to our modern pantheon --
Bretton Woods, its cohort deities
-- World Bank, IMF, WTO --
diligently we recite
"We have loved, o lord, the beauty of your house
and the place where your glory dwells"
"Amen" we chorus in unison
as ordered by our Heads of State
obediently we traipse to our slaughterhouse
directed by our Judas-goats
Mbeki's herds tricked out in shabby rags
discarded by imperialist gauleiters
who devised our Neepad subjugation

ActionAid Economic Justice course,
Kenyan School of Monetary Studies
Nairobi, November 26, 2007

Monday, November 26, 2007

Annapolis: Wooing Syria to Isolate Iran

What's the main purpose of the Annapolis talks? I'm afraid it is to woo Syria to isolate Iran, as Cam Simpson and Jay Solomon suggested in the Wall Street Journal:
The stated goal of Mr. Bush's first serious stab at Middle East peacemaking is to revive negotiations between Israelis and Palestinians to end the region's most enduring conflict. But administration officials hope progress in talks scheduled to begin Tuesday in Annapolis, Md., also curries favor with skeptical Sunni Arab leaders, whom the U.S. needs to check Iran's growing regional clout.

Underscoring that effort, the Bush administration is even courting a long-time pariah, Syria. Syria's bitter enemy, Israel, is going even further, indicating that its arms are open wide to Damascus. Talks with Syria could go some way in weakening Tehran's strongest alliance in the region.

"This is one of those moments in history where the Syrians have been given an opportunity to jump," a senior Israeli official said this past week. "If they do jump, they will be embraced."

On Sunday, Syrian officials reported that the country will be represented at the conference by Deputy Foreign Minister Faysal Mekdad because the issue of the Israeli-occupied Golan Heights has been added to the agenda, according to The Associated Press. (At Mideast Talks, U.S. and Israel Seek to Isolate Iran by Wooing Syria, 24 November 2007, p. A1)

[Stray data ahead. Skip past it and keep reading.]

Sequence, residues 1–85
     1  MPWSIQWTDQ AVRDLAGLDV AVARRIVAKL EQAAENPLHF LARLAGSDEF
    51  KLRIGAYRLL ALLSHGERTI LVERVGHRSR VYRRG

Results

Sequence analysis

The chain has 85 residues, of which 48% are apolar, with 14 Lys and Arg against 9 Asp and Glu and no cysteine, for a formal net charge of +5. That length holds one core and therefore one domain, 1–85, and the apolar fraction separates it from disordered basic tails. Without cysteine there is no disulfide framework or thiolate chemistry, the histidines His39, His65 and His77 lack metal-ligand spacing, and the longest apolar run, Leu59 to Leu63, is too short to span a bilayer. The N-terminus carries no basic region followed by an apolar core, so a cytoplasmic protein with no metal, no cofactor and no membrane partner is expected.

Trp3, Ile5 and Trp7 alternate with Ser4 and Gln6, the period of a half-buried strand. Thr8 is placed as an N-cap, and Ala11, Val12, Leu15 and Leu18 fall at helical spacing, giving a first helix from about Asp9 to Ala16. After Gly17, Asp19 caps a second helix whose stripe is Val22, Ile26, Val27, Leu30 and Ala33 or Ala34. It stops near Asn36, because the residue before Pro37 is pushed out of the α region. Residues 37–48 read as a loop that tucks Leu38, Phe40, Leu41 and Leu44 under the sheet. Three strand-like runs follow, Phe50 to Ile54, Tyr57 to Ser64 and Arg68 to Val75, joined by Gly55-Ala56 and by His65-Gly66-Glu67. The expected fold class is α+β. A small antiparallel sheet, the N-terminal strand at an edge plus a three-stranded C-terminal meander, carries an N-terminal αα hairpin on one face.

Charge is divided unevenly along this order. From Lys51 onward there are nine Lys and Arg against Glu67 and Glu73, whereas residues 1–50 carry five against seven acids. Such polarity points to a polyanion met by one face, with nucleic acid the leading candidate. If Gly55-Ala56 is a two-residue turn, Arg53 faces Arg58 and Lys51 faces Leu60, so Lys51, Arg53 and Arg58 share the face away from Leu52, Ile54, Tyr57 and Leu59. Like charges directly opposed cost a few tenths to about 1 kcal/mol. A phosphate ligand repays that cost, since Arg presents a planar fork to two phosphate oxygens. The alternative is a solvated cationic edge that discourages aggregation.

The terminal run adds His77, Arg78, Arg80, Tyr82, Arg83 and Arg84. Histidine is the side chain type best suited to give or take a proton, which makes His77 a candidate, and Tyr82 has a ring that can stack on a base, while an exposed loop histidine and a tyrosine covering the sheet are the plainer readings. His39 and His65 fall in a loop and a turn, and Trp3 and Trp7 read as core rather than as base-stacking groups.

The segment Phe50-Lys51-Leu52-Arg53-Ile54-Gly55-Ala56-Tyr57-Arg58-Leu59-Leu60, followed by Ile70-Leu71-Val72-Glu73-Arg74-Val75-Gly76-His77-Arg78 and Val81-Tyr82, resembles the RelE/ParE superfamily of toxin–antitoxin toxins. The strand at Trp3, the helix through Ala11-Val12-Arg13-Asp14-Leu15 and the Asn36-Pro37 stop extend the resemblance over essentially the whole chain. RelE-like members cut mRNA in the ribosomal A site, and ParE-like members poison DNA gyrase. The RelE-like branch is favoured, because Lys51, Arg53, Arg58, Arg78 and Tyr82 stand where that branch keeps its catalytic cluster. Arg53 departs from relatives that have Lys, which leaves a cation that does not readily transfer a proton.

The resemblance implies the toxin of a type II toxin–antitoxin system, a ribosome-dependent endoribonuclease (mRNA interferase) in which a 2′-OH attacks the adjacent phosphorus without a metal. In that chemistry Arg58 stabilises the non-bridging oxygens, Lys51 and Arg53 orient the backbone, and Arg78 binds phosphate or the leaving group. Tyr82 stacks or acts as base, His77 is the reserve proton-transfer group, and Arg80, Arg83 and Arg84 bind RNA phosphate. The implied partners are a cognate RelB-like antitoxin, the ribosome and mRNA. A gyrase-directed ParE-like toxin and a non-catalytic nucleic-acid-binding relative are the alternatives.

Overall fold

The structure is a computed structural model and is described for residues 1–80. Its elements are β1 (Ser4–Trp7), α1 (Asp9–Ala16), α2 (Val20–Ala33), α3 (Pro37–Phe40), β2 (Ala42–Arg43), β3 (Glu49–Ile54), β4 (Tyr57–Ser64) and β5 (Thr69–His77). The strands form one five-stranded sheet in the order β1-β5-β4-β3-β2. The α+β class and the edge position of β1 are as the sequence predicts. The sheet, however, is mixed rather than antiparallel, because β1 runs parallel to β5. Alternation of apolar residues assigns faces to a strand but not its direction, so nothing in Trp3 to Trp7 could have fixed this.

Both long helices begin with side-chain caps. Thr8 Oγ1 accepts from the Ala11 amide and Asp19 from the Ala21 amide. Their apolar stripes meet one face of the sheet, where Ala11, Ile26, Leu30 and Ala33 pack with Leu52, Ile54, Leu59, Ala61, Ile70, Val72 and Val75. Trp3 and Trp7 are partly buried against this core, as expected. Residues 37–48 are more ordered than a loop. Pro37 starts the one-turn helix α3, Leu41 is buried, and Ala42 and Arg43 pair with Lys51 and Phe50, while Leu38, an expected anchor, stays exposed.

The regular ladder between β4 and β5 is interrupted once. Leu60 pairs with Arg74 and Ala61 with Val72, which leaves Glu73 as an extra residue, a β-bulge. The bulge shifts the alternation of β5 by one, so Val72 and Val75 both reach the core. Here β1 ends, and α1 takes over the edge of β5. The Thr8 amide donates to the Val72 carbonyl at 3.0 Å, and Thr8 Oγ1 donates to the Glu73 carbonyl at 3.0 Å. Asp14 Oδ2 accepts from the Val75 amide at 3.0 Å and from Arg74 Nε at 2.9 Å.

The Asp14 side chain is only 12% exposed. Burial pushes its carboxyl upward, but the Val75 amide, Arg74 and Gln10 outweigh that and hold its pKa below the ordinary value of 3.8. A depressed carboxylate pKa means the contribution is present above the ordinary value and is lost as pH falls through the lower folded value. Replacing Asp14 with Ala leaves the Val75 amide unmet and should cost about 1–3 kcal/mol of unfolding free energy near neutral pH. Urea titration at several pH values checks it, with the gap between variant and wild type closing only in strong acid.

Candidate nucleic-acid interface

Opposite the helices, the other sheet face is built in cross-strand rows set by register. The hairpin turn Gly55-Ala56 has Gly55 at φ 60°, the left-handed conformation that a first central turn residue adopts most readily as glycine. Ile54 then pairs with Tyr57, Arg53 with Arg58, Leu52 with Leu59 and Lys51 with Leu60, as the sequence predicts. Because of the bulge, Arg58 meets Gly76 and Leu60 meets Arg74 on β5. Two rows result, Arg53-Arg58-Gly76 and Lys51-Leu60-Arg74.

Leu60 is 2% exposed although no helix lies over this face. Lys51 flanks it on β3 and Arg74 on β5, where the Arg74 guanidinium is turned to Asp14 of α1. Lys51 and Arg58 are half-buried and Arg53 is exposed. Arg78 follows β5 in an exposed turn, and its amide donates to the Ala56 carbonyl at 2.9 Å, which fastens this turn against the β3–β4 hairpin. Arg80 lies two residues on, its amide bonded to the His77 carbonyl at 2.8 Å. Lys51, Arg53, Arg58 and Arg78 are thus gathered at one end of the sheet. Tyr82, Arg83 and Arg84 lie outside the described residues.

Naturally, the Turks are playing both sides of the game, hosting the Istanbul Al-Quds International Forum (at which four Iranian delegates were guests) and mediating Israel and Syria: "Mr. Olmert has used Turkish intermediaries to explore options with the Syrians, according to Israeli officials" (Simpson and Solomon, 24 November 2007).

Washington surely wants at least a diplomatic coup equivalent to what Tehran delivered through the Caspian Summit: Kaveh L. Afrasiabi, "Caspian Summit a Triumph for Iran," Asia Times, 18 October 2007. Pulling Syria away from Iran, even if the talks produce no result regarding Israel/Palestine, would constitute such a coup. The question is whether Washington and Tel Aviv are prepared to make any concessions toward Syria regarding Lebanon.

Sunday, November 25, 2007

Emad Hajjaj on Lebanon, Palestine, and Iraq

Compared to Lebanon, Palestine, and Iraq, or much of the rest of the Middle East for that matter, Iran is at least a coherent nation, fractious as the Iranian people are. . . .

by Emad Hajjaj